Sunday, March 3, 2013

Growing Garden Huckleberry

This is the second year that I've grown Garden Huckleberry from seed.  The first year I only planted 2 and had an okay crop but then I let the plants die.  Ooopps!  Garden Huckleberries produce fruit the first year which is why they are a great berry to try in your home garden.

Baby Garden Huckleberry
I grow everything from seed!  It's not that difficult and that way I know exactly what I'm getting from start to finish.  All of the seeds I plant (from Mary's Heirloom Seeds) are untreated, organic, non-gmo heirloom seeds.

Plant seeds in moist soil and cover with approx 1/4 inch of soil.  Seeds should germinate within 2 weeks.  Seedlings should receive at least five hours of sun every day.  I start seeds in my laundry room where I have large windows and plenty of space.  Once the seedlings grow about 2 inches tall they will be transplanted to large pots.  Our house move is stalled for 1 more month so everything is going in containers.
Plants should be bushy.  This one needed more fertilizer or compost.
Garden Huckleberries like rich soil and partial shade.  Adding compost or chicken manure will increase the plant yield.  I plant my Huckleberry when I plant my tomatoes and fertilize the same as well.  Growing Huckleberries are very easy and not much bothers the plant.  The plants have some cold tolerance and fruit may continue to ripen after light frosts.
Small basket of berries from 1 bush
Green fruit are mildly poisonous, just like potato leaves or green potatoes. The fruits do not taste like much when picked, sometimes they can can be bitter. A pleasing berry taste does come through surprising well when it is cooked with  sugar. It can be used as a viable substitute for blueberries in pies, jams and syrup.


You can purchase heirloom Garden Huckleberry seeds
from Mary's Heirloom Seeds.
That's all for now!  Any questions?

Depending on the day I'm joining these parties and Wildcrafting Wednesday.

29 comments:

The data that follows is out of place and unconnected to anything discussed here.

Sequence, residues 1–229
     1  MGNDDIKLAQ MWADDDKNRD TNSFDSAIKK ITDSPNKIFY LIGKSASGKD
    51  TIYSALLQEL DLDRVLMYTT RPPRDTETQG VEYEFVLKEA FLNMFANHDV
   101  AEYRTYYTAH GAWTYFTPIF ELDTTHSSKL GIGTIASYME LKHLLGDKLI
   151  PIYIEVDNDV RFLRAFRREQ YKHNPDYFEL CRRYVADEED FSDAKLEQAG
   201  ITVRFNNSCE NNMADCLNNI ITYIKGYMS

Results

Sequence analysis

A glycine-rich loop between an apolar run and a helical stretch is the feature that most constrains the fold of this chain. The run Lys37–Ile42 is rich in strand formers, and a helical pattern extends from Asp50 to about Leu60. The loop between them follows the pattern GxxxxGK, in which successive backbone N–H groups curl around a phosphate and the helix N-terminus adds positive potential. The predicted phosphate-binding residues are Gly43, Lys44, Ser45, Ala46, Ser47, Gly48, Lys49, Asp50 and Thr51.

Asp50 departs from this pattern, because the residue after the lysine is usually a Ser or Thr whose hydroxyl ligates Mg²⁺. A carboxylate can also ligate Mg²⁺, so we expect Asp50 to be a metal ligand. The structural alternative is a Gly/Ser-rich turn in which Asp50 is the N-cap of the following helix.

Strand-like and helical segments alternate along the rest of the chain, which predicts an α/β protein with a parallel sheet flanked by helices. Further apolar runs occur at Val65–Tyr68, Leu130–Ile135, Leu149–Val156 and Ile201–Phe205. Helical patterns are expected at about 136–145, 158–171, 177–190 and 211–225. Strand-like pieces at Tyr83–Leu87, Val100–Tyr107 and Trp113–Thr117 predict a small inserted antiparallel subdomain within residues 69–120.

Sara Dixon said...

Do you cover your seedlings with saran wrap? I never have, but my grandma does. What do you suggest?

www.mrsdixxxon.blogspot.com

mary_smith said...

Hi Sarah! I don't cover my seedlings because it's warm enough here. If it's cold where you are or you do not have a warm spot to plant your seeds then saran wrap would work.

Faith @ Artistic31Mama said...

I've never grown these before but would love to try. I'm going to pin this to my garden board! I like how you planted them in a pot; might try that. I'm getting excited for spring! Thank you!

I'm visiting from "Mop It Up Mondays!

www.artistic31mama.com

Stacee said...

I've never had huckleberries, do they taste similar to blueberries? They look yummy.

Visiting from Follow Who? Hop.
http://www.dinkylee.com At the End of the Day...

mary_smith said...

Faith, thanks for the pin!! Pin away!

Stacee, they do not taste like blueberries. They can be bitter or just bland. BUT, cook them with sugar for jam or syrup and they are delicious!

Yelle said...

Hello from the blog hop! And oh my, how wonderful would it be if I could have my own huckleberries!

Faith @ Artistic31Mama said...

Mary - Thanks for the tip! I'll definitely do that! :-)

Kathy Shea Mormino said...

Thank you for sharing with the Clever Chicks Blog Hop this week; I hope you’ll join us again!


Cheers,
Kathy Shea Mormino

The Chicken Chick

http://www.The-Chicken-Chick.com

Cynthia Landrie said...

I have never grown nor eaten a huckleberry. I think I will have to give them a try. I have a large patio and would try them in a pot!

Thank you for linking up to the In and Out of the Kitchen link party! I love reading about your back to basics!

Cynthia at http://FeedingBig.com

Jonell said...

I just found you by way of Heather's Stringtown Home..both your fb and this blog catch my interest...I shall return TO DEVOUR IT at leisure -We make use of the yard space we have for a bit of gardening and I am always trying to choose new herbs that will thrive in my space...see you again soon..Look me up at my blog if you will..would love to add you as a FOLLOWER

Jonell

monicaplatz said...

Hi! Your newest follower here from the blog hop! So glad to have found your site!
Monica
http://monicasrrr.blogspot.com

Rachael Cleveland said...

I've heard so much about huckleberries, but had no idea they were this easy! I'm sold. Thanks for sharing. :)

Countrified Hicks said...

I am going to look into getting some of these seeds. Thanks for letting us know about them and thanks for linking up with us this week.